Global Beat: Bunny Marrett
Photo by Alex Cater
Seconds into Bunny Marrett’s I’m Free album, you know this is not your average reggae record. Sensual melodica and flute weave around each other while a lazily skanked guitar gently bumps hips with an upright bass to a laid-back, jazz-flavored drumbeat. And then, there’s Marrett’s vocal: delivered with passion and the same jazzbo coolness that fuels the music. The mix captures the sound of dark, thick air, pulsing with the rumble-thump of the rhythm.
Perhaps this the work of some young buck, offering a hybrid blend of jazz/reggae? Hardly. Bunny Marrett is 71 years old. To be accurate, though, he was 45 when he recorded this music. That’s right. The sessions for I’m Free were put to tape back in 1986—26 years ago—and have only seen the light of day now.
Marrett’s musical roots extend all the way back to his childhood in Jamaica. “Me and my buddies would gather up on the pavement outside the bars and listen to the music on the jukeboxes—that’s how we learned,” he recalls.
A veteran performer in his homeland, the 17-year-old Marrett had to start from scratch when he immigrated to England in 1958. His search led him to the Bristol music scene, as he dug the jazz and R&B that flowed around him. Marrett found opportunities to perform at Bristol’s Bamboo Club, jamming with the likes of T-Bone Walker and Jimmy McGriff. But the now-married Marrett also needed to earn a living. He trained to be an electrician, although work wasn’t easy to find.
In the meantime, Jamaica was giving birth to reggae and one can’t help but speculate that if Marrett had remained in Montego Bay, then he might have been part of that early wave of popular artists like Desmond Dekker. Reggae eventually made its way to the U.K. where Marrett got to experience the music of Bob Marley, Peter Tosh, Bunny Wailer and Burning Spear.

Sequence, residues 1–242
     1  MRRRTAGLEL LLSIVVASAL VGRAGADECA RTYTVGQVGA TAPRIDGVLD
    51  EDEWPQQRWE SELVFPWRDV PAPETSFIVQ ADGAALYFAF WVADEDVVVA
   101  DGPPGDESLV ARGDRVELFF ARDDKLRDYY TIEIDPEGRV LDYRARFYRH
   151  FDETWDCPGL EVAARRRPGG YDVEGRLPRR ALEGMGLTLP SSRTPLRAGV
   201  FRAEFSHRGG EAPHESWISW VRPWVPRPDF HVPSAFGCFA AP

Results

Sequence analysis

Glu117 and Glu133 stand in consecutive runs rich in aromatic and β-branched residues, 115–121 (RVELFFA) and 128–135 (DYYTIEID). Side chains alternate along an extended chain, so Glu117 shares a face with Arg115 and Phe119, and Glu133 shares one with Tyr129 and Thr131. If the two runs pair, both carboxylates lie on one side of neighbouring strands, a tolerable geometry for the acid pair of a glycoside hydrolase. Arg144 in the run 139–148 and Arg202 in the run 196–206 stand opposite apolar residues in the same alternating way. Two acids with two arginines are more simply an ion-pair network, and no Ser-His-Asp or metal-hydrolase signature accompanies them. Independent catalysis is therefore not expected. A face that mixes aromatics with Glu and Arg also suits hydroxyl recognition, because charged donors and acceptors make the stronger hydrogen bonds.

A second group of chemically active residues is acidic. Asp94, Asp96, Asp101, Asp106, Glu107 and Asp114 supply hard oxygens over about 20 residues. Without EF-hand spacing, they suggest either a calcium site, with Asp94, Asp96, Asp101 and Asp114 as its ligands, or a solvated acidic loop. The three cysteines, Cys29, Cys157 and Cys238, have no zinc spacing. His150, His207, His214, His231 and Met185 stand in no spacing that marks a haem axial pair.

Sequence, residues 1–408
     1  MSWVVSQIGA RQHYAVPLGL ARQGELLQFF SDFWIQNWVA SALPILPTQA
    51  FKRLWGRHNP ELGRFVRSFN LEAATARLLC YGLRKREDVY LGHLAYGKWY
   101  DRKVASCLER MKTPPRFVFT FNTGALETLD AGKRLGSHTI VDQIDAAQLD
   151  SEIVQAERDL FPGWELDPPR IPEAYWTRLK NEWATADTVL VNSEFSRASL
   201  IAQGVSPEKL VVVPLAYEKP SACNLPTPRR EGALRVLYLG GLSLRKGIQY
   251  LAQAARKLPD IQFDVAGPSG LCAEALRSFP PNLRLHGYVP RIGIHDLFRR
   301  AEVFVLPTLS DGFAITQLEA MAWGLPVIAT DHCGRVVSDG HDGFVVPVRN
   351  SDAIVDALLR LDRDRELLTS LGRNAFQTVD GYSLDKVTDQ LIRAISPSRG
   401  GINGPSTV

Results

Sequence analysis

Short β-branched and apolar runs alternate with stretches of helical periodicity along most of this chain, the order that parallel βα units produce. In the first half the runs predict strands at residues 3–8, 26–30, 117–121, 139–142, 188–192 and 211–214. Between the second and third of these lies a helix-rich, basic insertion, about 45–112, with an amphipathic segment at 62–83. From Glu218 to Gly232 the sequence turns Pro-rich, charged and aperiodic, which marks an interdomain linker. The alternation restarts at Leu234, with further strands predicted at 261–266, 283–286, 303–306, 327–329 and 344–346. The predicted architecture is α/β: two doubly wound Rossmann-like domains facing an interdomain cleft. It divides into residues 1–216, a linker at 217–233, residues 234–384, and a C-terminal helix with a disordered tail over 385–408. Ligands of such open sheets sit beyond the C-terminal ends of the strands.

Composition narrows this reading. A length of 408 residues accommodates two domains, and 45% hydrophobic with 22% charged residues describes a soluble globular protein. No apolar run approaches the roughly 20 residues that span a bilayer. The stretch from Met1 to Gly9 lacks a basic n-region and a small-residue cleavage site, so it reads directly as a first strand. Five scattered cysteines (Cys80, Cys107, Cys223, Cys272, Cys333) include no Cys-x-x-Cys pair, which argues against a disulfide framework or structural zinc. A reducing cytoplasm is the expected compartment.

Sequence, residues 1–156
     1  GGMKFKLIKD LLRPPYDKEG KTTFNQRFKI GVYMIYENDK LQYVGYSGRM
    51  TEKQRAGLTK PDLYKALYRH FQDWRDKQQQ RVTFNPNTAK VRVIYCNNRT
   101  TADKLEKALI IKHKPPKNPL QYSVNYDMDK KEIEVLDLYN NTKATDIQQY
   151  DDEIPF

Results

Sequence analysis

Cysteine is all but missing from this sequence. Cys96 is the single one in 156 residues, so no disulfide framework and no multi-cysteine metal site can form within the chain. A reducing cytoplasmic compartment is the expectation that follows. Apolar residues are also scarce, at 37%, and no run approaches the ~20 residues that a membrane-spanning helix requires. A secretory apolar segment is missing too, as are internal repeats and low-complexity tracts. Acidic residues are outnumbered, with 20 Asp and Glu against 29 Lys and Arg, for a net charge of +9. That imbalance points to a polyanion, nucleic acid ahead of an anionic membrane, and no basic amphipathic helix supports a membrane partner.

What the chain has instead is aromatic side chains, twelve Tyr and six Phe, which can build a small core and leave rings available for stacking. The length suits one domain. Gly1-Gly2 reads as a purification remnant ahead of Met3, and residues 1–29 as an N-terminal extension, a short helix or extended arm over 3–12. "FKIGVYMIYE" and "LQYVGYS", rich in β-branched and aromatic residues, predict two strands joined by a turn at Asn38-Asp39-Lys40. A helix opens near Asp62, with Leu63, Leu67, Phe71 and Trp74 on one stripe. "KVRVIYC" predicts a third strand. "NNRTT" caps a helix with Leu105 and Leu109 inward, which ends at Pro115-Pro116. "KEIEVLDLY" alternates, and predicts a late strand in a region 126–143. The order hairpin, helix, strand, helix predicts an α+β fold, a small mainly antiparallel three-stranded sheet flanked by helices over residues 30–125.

At the age of 40, Marrett had an epiphany: “That’s when I realized that music wasn’t a choice—it was a necessity, man. That’s what I was born to do,” he says. “I had to do it or die.”
Marrett eventually crossed paths with multi-instrumentalist/producer/engineer Richard Grassby-Lewis—perhaps better known to the world as UK Scientist—and a member of the session band The Startled Insects. Grassby-Lewis suggested that Marrett lay down some studio tracks with the Insects; he added noted jazz drummer Tony Orrell to the mix, and the music found on I’m Free was born.
A casual approach made for free-form jamming, it also meant that once the sessions were over, The Startled Insects moved on to other things and Marrett settled back into a very low-key existence. “I was married to my music. There was a lot of pain, a lot of frustration—but I knew that was my journey to make,” he reflects.
Fast-forward a quarter of a century to the efforts of Mike Darby, dedicated to resurrecting the music of the Bristol reggae scene through his Bristol Archive Records (BAR) label. An early BAR compilation release included a Marrett track from a long-forgotten 1981 studio session. Interested in hearing more of Marrett’s music, Darby tracked him down.
“Bunny had this old cassette of material and it blew my mind—roots reggae with this jazz thing going on,” says Darby. “At first, we thought the original masters had been destroyed, but Tim Norfolk of the Insects found them.”
One key to BAR’s approach is that they are dedicated to offering archival releases with the total cooperation of the artists involved. “I had a gut feeling about Mike—he was genuine and wanted to do something good with the music,” Marrett says. “Mike’s done a lot for us. He’s a good lad.”
Darby is humble in his response: “I won’t lie. It is quite rewarding to make a brilliant-looking record, deliver it to a 71-year-old man who’s never had an album released and see his face light up.
“Our cash flow is always tight—we spend a lot to make the albums sound and look as good as possible,” he continues. “But to see the look on Bunny’s face, you know it’s worth doing.”
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